The global sugar market is currently characterised by nervous and choppy conditions. Prices have faced tremendous downward pressure in recent months. Two straight years of global surplus, exports from India and Brazilian harvest pressure have all combined to pressure the sugar market down. By early June, rates plunged to 18.9 cents a pound - a 22-month low - but recovered in recent days to test 22 cents. The extent of price collapse is stark when contrasted with 27 cents a pound a year ago.
At least in the short-term, the fundamental outlook remains unsupportive for a number of risky assets including sugar. The overall macroeconomic backdrop is a cause for concern with a combination of weak global growth signals, European sovereign debt crisis, slowing Chinese economy, falling crude prices and risk aversion the dominant theme. Interestingly, exports from the world’s two largest producers have been encouraged by a rapid depreciation of the local currencies vis-à-vis the US dollar in the last 2-3 months, making exports attractive despite lower dollar prices. .
Specifically, a pickup in Brazilian sugar production and an expansion in Indian sugar exports (3 million tonnes at last count) continue to weigh on prices. For Brazil, the profitability of sugar export compared to the domestic market has increased in recent days. However, experts believe, a floor price may have already emerged at about 20 cents a pound. If prices continue to remain below the 20-cents mark, there is risk that Brazilian mills will switch from sugar to ethanol production.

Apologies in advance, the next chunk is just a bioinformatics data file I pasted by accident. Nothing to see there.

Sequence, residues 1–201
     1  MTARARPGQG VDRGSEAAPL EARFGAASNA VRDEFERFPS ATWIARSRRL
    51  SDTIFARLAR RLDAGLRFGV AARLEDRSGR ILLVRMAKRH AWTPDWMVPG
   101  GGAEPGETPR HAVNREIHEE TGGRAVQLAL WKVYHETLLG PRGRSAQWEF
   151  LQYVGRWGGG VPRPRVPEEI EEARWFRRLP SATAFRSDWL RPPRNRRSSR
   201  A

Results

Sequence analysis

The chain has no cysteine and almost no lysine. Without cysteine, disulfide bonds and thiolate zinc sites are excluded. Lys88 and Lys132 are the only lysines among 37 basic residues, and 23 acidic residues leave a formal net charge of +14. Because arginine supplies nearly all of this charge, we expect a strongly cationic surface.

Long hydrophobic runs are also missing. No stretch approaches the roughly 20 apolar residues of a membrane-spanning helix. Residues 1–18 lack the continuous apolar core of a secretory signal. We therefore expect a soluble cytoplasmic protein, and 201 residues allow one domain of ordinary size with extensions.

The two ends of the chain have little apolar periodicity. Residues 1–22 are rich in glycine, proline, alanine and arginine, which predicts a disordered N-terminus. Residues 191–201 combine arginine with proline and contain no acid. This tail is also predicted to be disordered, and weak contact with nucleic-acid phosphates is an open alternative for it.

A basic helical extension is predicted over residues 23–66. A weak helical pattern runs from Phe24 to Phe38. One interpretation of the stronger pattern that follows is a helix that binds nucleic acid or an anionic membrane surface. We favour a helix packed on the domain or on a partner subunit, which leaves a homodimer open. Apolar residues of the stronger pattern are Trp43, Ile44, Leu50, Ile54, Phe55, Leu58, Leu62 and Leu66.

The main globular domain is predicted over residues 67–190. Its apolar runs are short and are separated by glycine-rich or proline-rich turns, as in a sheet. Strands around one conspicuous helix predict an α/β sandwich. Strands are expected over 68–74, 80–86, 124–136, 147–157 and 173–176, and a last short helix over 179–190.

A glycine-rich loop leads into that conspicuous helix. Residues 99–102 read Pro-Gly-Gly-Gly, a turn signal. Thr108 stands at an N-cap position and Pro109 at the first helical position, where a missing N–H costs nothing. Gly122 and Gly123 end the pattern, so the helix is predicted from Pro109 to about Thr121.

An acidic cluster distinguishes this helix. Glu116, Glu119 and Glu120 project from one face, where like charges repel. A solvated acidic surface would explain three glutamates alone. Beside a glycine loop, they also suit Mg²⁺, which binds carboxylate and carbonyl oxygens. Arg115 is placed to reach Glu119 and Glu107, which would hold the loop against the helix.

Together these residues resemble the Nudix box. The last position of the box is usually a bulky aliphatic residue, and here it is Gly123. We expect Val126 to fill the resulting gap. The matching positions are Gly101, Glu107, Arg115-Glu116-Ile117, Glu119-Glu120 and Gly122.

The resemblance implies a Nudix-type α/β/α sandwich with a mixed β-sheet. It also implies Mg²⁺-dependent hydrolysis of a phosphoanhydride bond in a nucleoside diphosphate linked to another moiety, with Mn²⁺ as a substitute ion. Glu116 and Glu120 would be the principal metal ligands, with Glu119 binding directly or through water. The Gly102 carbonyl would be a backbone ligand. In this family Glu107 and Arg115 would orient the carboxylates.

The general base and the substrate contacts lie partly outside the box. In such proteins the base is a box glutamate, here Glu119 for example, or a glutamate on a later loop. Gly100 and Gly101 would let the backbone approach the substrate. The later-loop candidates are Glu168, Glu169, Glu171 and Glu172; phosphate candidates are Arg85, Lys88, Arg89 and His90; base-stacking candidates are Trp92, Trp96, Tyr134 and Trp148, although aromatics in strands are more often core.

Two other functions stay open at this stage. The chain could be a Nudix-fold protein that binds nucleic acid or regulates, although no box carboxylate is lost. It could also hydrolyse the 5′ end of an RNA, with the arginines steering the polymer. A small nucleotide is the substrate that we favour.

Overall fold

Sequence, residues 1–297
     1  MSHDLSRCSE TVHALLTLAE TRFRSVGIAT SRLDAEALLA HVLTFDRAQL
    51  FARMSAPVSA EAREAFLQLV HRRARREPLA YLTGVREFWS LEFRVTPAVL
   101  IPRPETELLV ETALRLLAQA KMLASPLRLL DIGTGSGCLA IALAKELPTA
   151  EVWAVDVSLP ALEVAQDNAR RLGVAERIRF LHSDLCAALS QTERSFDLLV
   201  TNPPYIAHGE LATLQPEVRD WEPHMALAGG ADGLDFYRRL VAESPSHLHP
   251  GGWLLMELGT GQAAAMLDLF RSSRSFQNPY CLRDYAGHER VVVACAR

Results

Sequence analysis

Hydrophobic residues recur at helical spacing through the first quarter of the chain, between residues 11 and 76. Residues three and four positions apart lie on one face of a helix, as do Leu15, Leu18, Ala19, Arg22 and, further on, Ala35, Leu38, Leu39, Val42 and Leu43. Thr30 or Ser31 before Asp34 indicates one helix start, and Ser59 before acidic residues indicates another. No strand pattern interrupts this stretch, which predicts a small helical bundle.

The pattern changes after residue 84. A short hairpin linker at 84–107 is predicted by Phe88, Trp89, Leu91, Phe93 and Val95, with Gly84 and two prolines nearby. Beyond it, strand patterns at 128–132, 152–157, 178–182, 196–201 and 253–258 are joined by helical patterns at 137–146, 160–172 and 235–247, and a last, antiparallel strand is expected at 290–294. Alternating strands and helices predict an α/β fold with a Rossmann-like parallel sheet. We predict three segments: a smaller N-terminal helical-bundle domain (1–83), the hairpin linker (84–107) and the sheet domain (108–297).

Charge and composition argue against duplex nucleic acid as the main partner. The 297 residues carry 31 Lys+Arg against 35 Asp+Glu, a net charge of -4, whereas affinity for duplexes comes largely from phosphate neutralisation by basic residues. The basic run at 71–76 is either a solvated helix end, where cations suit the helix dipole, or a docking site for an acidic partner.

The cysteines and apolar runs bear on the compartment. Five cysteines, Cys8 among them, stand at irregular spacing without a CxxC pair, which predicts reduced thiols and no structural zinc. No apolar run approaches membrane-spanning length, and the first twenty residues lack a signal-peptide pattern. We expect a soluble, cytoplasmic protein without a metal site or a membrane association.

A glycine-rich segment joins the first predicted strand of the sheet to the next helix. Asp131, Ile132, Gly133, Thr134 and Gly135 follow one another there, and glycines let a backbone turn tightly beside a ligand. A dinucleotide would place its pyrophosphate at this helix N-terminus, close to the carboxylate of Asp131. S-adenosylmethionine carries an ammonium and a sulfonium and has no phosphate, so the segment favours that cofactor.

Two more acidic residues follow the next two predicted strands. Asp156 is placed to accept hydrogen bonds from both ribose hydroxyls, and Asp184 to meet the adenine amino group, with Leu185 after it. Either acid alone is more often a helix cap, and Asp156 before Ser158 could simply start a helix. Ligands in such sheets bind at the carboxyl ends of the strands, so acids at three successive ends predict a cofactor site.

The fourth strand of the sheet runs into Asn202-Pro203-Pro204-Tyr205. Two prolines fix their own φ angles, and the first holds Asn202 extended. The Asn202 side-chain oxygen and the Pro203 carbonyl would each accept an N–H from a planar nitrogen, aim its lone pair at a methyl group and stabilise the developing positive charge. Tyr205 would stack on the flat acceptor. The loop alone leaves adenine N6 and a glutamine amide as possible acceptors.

Given a close to 8 million tonnes surplus in 2011-12 (estimated production 175 million tonnes and consumption 167 million tonnes) and the possibility of a repeat of surplus situation in 2012-13, world sugar prices are likely to stay under pressure. No wonder, investors have stayed in the sidelines and are watching the developments. On current reckoning, there will be little investor interest.
However, prices are not without upside risks. Weather provides the key upside risk to sugar prices. Prolonged wet weather in Brazil can potentially hurt yields and in turn sugar production. There are apprehensions of dry conditions in India (El Nino weather event) in July- August.
While weather concerns remain, there are good chances that India will once again harvest a decent volume of sugarcane crop beginning October. The acreage planted to cane is estimated at 5.2 million hectares. Under normal weather conditions, one can expect about 340-350 million tonnes of sugarcane and production of not less than 26 million tonnes sugar in 2012-13. With demand estimated at about 23 million tonnes , India will still have an export surplus of 3 million tonnes once again.
However, the onset of southwest monsoon has not been as vigorous as expected. How it would progress remains to be seen. Although the India Meteorological Department is sanguine about a ‘normal’ monsoon, it is clear that weather risks persist. Additionally, consumption demand will pick up during August, September and October months because of a series of festivals. So, the Indian sugar market and in turn the world sugar market will be weather-driven in the next 2-3 months and choppy conditions are likely to prevail.